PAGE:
Main content area

Selection of Breeding Cliffs by Griffon Vultures Gyps fulvus in Crete (Greece)

Xirouchakis, Stavros M., Mylonas, Moysis
Acta ornithologica 2005 v.40 no.2 pp. 155-161
altitude, breeding stock, cliffs, discriminant analysis, habitats, humans, limestone, livestock, models, multivariate analysis, nesting, principal component analysis, variance, wind direction, wintering grounds, Crete, Greece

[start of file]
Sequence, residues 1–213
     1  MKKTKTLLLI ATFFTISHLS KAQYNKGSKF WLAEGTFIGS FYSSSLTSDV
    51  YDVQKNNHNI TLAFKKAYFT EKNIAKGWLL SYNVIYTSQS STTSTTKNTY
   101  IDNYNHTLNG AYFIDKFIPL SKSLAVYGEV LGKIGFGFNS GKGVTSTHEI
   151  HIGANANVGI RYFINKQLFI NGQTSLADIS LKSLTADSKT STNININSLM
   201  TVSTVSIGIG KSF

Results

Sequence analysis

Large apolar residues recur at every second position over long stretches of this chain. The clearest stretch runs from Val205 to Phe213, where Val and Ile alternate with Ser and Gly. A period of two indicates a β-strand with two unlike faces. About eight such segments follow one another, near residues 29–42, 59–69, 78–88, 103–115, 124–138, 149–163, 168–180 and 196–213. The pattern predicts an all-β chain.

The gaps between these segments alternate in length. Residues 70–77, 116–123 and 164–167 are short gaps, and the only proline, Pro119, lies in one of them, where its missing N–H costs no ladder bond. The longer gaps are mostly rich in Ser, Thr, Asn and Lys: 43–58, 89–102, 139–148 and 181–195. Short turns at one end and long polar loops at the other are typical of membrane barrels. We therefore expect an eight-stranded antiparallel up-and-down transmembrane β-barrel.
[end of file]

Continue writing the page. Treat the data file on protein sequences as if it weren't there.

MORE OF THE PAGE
A multivariate analysis was carried out in order to investigate the most influential habitat variables and related features in the selection of breeding cliffs by the Griffon Vulture in Crete. The species was found nesting in mid-altitude areas, close to stock-raising units, on high limestone cliffs, which were also well protected against the prevailing winds of the island. A principal components analysis, which explained 53% of the total variance of the variables examined, differentiated Griffon Vulture colonies in relation to their isolation from other colonies, accessibility to humans and proximity to food resources. In addition, a stepwise discriminant function analysis between breeding and random cliffs included the height of the cliff, its substratum, the altitude, and the distance to the stock breeding unit in a model that successfully classified 97.1% of the nesting and 88.2% of the random cliffs. In comparison to continental regions the Griffon Vulture colonies in Crete were located on higher cliffs but at a lower altitude. This fact should be attributed to the species nesting on steep coastal cliffs close to the livestock's wintering areas.